The floors in the showers were usually more muddy than the pits, but at least the water was hot. . . if you showered at one o'clock in the morning, or while the practice session, that you particularly wanted to see, was in progress.
But at least it only cost five cents to get clean. The great thing about Bathurst is the culture that gathers from all over Australia. There's Fosters from Melbourne, Swan from W.A., Cascade from Tasmania and good ole KB from NSW. There's never any difficulty in telling what State anyone's from - or is in, for that matter. Just browse through the empties scattered around the various tents.

Of course, everyone brings their own culture with them. Peter Brock left practice early on Saturday to go and watch the VFL Grand Final in Melbourne on TV. "Oh, mate,. it's the only game," he says with great conviction.
At least he's a good driver! . But what are Bathurst people like? Bathurst goers come in a great array of shapes, sizes and temperaments.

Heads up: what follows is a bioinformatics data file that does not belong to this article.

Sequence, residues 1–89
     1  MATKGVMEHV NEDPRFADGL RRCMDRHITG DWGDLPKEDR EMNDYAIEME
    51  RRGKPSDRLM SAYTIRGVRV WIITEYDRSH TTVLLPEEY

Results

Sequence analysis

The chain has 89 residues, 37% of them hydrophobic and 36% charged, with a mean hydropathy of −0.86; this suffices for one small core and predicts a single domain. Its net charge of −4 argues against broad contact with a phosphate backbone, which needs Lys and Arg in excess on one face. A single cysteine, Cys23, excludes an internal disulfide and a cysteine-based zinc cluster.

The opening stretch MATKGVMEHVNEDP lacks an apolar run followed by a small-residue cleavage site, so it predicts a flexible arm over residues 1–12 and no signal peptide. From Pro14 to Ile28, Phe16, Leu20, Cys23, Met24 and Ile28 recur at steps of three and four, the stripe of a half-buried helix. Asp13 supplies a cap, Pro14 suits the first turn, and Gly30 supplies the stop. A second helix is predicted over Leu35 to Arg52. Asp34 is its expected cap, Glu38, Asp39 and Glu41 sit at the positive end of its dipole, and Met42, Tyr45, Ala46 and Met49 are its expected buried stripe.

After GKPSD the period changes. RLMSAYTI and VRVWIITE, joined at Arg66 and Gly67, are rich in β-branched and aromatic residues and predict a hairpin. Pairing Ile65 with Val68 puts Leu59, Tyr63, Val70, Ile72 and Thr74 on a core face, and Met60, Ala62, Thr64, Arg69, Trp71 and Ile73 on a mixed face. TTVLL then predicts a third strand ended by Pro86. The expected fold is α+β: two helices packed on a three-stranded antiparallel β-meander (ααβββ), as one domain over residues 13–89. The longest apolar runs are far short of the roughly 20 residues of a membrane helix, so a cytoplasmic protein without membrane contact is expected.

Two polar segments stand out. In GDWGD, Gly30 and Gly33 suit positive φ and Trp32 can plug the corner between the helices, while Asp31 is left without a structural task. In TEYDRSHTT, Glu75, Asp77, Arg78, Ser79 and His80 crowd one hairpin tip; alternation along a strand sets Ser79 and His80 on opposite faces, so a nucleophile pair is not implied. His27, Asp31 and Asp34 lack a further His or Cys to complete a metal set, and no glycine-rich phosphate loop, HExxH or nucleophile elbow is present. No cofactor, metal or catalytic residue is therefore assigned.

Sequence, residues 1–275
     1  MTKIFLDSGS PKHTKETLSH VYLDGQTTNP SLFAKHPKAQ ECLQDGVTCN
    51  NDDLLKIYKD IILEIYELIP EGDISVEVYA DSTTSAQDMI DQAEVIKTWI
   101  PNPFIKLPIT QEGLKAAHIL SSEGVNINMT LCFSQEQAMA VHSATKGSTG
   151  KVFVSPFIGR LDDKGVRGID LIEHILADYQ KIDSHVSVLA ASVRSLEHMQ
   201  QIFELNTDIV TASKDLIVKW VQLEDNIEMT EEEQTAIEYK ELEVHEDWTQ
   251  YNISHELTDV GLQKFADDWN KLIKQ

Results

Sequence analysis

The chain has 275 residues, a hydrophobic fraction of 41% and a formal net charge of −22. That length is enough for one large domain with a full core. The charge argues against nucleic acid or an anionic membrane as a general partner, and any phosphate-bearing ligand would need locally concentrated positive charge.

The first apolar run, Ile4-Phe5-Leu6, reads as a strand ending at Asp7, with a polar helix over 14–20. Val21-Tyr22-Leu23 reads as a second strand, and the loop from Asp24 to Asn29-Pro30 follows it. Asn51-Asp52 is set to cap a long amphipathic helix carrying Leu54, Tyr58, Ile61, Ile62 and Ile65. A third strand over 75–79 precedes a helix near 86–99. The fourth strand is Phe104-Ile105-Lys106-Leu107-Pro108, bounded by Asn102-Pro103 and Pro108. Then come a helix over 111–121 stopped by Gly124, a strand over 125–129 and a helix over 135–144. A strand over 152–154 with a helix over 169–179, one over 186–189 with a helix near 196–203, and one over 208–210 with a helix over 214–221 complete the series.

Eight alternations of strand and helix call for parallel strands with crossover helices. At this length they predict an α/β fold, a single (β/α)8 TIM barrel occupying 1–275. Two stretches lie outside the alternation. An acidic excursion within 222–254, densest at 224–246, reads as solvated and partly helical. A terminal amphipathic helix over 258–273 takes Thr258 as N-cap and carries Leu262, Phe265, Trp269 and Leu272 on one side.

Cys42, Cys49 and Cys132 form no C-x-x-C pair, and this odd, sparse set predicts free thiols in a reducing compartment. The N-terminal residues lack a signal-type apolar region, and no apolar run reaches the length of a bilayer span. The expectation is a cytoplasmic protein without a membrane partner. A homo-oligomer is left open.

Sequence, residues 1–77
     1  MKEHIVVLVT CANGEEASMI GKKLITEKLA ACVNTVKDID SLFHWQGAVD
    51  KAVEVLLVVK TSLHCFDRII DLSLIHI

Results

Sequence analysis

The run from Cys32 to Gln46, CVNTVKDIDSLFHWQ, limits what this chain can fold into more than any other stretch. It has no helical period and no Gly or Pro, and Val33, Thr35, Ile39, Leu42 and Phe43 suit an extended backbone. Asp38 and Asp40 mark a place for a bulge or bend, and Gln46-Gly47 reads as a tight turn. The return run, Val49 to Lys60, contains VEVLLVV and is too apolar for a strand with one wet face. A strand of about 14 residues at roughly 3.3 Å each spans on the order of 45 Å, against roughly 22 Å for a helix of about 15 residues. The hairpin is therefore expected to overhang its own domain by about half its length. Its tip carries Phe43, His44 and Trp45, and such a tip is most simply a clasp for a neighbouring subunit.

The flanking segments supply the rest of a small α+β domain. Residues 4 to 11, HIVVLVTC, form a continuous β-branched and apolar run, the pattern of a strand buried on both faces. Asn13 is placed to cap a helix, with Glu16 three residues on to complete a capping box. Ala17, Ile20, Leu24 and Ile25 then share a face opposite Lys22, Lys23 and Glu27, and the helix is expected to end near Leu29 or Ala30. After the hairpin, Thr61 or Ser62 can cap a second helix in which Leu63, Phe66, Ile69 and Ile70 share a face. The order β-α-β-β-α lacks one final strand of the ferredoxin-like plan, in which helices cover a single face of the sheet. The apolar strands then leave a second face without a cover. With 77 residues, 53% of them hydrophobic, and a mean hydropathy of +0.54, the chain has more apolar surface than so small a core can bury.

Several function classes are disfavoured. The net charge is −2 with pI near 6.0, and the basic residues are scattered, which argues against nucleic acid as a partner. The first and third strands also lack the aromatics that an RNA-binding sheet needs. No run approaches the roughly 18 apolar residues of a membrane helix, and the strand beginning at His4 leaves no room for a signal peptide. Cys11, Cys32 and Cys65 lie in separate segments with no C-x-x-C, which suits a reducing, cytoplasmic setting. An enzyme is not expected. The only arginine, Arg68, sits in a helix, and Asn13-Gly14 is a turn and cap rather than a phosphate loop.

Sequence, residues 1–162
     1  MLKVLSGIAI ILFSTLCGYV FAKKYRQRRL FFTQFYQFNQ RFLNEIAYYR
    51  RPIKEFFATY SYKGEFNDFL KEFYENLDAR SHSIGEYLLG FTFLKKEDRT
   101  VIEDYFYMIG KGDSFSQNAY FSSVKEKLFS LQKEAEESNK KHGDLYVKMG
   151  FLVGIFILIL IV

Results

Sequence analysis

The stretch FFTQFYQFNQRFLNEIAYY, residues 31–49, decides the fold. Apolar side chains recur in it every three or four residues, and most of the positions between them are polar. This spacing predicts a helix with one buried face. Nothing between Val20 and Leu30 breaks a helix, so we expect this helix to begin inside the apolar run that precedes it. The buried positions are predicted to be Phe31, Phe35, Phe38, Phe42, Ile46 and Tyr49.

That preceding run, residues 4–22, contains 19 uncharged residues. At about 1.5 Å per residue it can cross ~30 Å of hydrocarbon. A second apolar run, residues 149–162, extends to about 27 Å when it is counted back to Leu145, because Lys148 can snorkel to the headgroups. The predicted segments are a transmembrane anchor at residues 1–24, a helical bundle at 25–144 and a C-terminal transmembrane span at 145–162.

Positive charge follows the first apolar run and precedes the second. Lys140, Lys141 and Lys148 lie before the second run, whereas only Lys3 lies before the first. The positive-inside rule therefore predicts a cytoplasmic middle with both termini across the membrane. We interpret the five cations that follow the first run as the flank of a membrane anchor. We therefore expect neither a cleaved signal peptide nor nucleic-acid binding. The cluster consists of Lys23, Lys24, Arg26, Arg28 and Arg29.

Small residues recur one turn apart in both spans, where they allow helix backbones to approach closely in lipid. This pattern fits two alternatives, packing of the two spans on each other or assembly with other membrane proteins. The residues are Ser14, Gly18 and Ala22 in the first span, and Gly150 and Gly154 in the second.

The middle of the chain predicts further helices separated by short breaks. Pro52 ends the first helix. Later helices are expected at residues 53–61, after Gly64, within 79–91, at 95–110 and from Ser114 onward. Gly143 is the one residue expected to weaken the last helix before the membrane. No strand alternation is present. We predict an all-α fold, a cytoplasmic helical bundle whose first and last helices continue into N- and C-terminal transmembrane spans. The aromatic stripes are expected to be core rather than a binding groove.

First and foremost, we have the drivers and their pit crews. Without this group we wouldn't have a race, and even with them it's sometimes dubious.
It's their job to give the spectators a thrill - you know, the oohs and aahs variety.

Of course some of them often do the spectators a good turn such as chopping up firewood for instance. Do you have any idea how much firewood a car can chop up when it hits a tree at about 160 km-h?
If you'd like to know, the best one to ask is Phil Brock who tried this little experiment in Peter Janson's Torana.
Phil happened to roll end over end on top of the mountain, collecting two trees in the process.
It was an unexpected boon for campers who put away axes and saws and happiIy collected the remains (of the tree, not Phil).

However, it was decided after this that a Torana A9X doesn't really have a future as a wood-pulping machine. The drivers practise, practise, and then practise some more, while the overworked pit crews keep rebuilding the cars because they've been practising too much.
It's quite a never-ending, boring affair - just ask the spectators.
Team drivers discuss tactics while mechanics discuss why "what'sisname's" car keeps going, instead of launching a piston through the bonnet.
Some are happy. Some are not. Next on the list are the motor racing enthusiasts who go to Bathurst for love. . . of what, I really cannot be sure.

They get to the circuit early every day, look and listen, and offer their opinions, whether you want them or not.
Lovers of the sport are easy to recognise. Stop watches are draped around the neck, notebooks clutched tightly in the hand and, invariably, they wear tight jeans, a tight T-shirt, and have their arm draped casually around the shoulders of an equally tight young lady.